Although there is no opportunity for extra credit in this course, don’t hesitate to take advantage of the resources listed in the Plan for Success section below. Note that Regrades will not be considered because in most cases you have the opportunity to improve your grade through additional work and iteration. The final numerical cutoff for final course letter grade assignment will be made after all grading is completed. Here are the approximate grade thresholds that usually apply: The following grades may be given: A, A-, B+, B, B-, C+, C, C-, D+, D, F, SAT; e.g. approximate grade thresholds that usually apply: A (93-100), A- (90-92), B+ (87-89), B (83-86), B- (80-82), C+ (77-79), C (73-76), C- (70-72), D+ (67-69), D (60-66), F (0-59).
We envision this course as a supportive and inclusive learning community for all. In this course, each voice in the classroom has something of value to contribute. Take care to respect the different experiences, beliefs and values expressed by students, TAs, and research mentors involved in this course. We support UMass’s commitment to diversity, and welcome individuals regardless of age, background, citizenship, disability, sex, education, ethnicity, family status, gender, gender identity, geographical origin, language, military experience, political views, race, religion, sexual orientation, socioeconomic status, and work experience. Please let us know what name and pronouns we should use for you if they are not on the roster. Remember: A student’s chosen name and pronouns are to be respected at all times in the classroom.
While we will make a concerted effort to be welcoming and inclusive to the wide diversity of students in this course, if there is a way we can make you feel more included please let one of us know, either in person, or via email. Our learning about diverse perspectives and identities is an ongoing process, and we welcome your perspectives and input.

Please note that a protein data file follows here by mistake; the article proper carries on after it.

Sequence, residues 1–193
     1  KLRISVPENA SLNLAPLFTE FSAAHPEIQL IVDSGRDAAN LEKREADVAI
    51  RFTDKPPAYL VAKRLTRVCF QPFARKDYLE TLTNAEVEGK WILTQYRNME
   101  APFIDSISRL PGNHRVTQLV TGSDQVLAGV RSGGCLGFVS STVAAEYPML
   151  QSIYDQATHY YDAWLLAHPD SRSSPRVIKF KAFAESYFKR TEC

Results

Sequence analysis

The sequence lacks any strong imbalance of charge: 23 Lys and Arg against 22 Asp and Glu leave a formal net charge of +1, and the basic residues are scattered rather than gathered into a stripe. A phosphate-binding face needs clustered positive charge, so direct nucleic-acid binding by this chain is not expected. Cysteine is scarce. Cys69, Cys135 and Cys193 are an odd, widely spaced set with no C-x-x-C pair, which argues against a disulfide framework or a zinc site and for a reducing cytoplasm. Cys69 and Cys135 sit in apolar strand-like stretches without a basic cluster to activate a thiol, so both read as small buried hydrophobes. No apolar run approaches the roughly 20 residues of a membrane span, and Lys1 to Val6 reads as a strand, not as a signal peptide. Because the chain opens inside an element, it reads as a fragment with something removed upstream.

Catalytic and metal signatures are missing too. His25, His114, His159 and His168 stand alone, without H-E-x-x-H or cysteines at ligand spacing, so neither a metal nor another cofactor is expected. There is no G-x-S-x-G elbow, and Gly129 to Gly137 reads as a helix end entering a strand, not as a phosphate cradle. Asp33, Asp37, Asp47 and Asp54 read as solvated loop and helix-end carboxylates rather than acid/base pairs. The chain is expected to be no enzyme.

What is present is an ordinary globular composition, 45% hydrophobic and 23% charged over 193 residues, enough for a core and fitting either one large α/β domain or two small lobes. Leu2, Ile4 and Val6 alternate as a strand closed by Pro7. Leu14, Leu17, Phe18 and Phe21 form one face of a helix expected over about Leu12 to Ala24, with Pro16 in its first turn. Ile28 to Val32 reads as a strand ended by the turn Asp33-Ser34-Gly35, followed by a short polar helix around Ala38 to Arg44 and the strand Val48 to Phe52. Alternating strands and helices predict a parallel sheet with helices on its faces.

Please understand that others’ backgrounds, perspectives and experiences may be different from your own, and help us to build an environment where everyone is respected and feels comfortable. If you experience any sort of harassment or discrimination, please contact us as soon as possible. If you prefer to speak with someone outside of the course, please contact the UMass Amherst Equal Opportunity (EO) Office (413-545-3464 or email firstname.lastname@example.org to request an intake meeting with EO staff.
This is a discussion and activity-based class. Participation, in addition to attendance, is an expectation for all students enrolled in the course. Medical conditions, religious or funerary events, university-related events (conference visit, athletic event, field trip, or performance), or extenuating non-academic reasons (military obligation, family illness, jury duty, automobile collision) will be accommodated with written documentation.
We understand that other emergencies or circumstances may arise where you may need to miss a class or research group meeting, or submit an assignment late. Seek approval by contacting us at least 24 hours in advance (unless it’s a last-minute emergency and you cannot). Medical conditions, religious or funerary events, university-related events (conference visit, athletic event, field trip, or performance), or extenuating non-academic reasons (military obligation, family illness, jury duty, automobile collision) that need extension will be accommodated with written documentation. Being too busy is not a valid excuse for missing any class or group meeting.
You will get out of the CICS ERSP what you put into it. For that reason, it does not make any sense to cheat. This means that all work in this class must be your own or the work of your group, where appropriate. In most cases this work will consist of a short writeup, but in some cases the writing will be longer. ALL writing must be your own original work, or the joint work of your group where appropriate, and may not be copied from any source without proper attribution. Please refer to the UMass Academic Honesty Policy and Procedures for guidelines on what constitutes academic dishonesty and the sanctions that may be imposed on any student who has committed an act of academic dishonesty. If you have any questions or concerns about what constitutes cheating in this class, please ask us as soon as the question arises.
All work in this course will be clearly labeled as “individual” or “group” work. When the work is individual, we expect that you will complete the work thoughtfully on your own. You may work alongside others and discuss the work, but all writing should be yours and yours only. When the work is group-based, you will submit a single submission for your entire group, and you will all receive the same grade.